Trial and Error

Just to prove I have the  determination and sticking power to write an essay as tear-jerkingly, eye-scratchingly boring as this. Please give me a job.

A study into how and why legal restrictions are imposed upon journalists when reporting in Crown Court cases

1.1: Democracy and civil liberties
A practical definition of democracy is a system in which two fundamental rights are guaranteed, that of the freedom of the individual to express themselves and the right of the individual to a number of civil liberties.

The problem is that these two rights can, and often do, stand at odds with each other. Freedom of expression, if pursued to the nth degree, has the potential to impinge on an individual’s right to privacy or right to a free trial. Conversely, if someone defends their civil liberties too vigorously, the over-arching principle of freedom of expression can be undermined.

This paradoxical relationship is expressed in one of the most influential pieces of legislation in regards to our understanding of democracy, the European Convention on Human Rights (1950). Article 10 of the convention reads:

1.    “Everyone has the right to freedom of expression. This right shall include freedom to hold opinions and to receive and impart information and ideas without interference by public authority and regardless of frontiers.
2.    The exercise of these duties, since it carries with it duties and responsibilities, may be subject to such formalities, conditions, restrictions or penalties as are prescribed by law and are necessary in a democratic society in the interest of national security…the prevention of crime or disorder…and the protection of the reputation or rights of others…”

Therefore, a fine balance between the two principles must always be sought, and this involves a constant and evolving process of compromise and negotiation accompanied by the hope that, in doing so, the dividing line will become increasingly more clearly defined.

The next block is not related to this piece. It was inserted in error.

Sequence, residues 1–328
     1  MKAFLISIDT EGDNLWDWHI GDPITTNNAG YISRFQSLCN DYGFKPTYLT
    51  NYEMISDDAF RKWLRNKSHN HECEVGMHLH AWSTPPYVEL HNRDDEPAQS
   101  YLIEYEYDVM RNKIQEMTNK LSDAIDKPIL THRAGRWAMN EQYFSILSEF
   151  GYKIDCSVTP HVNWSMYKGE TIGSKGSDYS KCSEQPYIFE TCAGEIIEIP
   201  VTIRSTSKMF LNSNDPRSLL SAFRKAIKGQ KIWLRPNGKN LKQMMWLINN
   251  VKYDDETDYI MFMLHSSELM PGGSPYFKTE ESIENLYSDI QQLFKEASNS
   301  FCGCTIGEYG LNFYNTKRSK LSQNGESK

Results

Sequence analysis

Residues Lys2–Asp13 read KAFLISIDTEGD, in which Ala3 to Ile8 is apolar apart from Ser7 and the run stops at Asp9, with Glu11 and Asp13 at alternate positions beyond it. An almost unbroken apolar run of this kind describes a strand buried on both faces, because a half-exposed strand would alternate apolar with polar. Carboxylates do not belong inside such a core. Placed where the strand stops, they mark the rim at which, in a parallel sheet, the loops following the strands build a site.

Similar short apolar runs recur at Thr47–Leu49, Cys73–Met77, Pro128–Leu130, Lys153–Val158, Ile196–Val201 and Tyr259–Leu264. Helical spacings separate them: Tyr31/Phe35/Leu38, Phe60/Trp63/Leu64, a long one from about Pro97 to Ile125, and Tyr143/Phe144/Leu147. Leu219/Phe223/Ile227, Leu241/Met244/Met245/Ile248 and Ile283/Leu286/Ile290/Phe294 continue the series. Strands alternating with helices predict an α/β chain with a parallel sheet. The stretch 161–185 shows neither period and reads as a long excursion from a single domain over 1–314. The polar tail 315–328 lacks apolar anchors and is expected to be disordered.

This can be illustrated by studying the complex co-existence between the media industry, who have been characterised “as the eyes and ears of the general public who act on behalf of the general public,  ” and the legal system.

1.2: Open Justice and a Fair Trial

The same legislation  also established that every individual is entitled to a fair and open trial, identifying this as a central tenant at the heart of any democratic system.

In Britain, this principle has been around for a while. As Lord Hewart said in R. v Sussex Justices (1924) :

“… it is not merely of some importance but is of fundamental importance, that justice should not only be done, but should manifestly and undoubtedly be seen to be done.”

The principle that justice must be seen to be done is one of the most pervasive axioms of the administration of justice in our legal system. It is the origin, in whole or in part, of numerous substantive rules (the most recent and obvious example being the Freedom of Information Act). But how, in a practical sense, is this facilitated in a court or newsroom as part of the day-to-day, habitual workings of a democracy?

The short answer is an uneasy, and occasionally fractious co-operation. The legal system has a responsibility to ensure it stays true to the principle of open justice, but equally the media industry has a responsibility to ensure that it doesn’t take advantage of their privileged position and adversely impact on the workings of the justice system. As Lord Justice Judge said: “Restrctions must be respected but they must only be put in place when there is absolute necessity for doing so in an individual case.”

This report intends to outline the various mandatory and discretionary restrictions which a journalist has to comply in UK law, as well as a brief insight into areas where the law or the media industry may leave something to be desired in a quickly changing sociological landscape.

Mandatory Court Restrictions

2.1 Pre-Trial Hearings

When covering a preparatory hearing in the crown court, restrictions known as the seven points come into play. These statutory restrictions are designed to safeguard the defendant’s right to a fair trial. The seven points  apply unless the Court dismisses the charges or, for whatever reason, decide to lift the restrictions in the interest of open justice.

The seven points include names, addresses and occupations of the defendants and witnesses, the offence, bail conditions and lawyers, previous convictions and the decision of the court regarding committal.

In some more serious or complex cases, preparatory hearings at Magistrates’ can be bypassed in what is known as a plea and directions hearing. This is regarded as a time-saving exercise and allows the accused to give his plea at Crown Court. The same restrictions generally apply.

2.2: Sexual Offences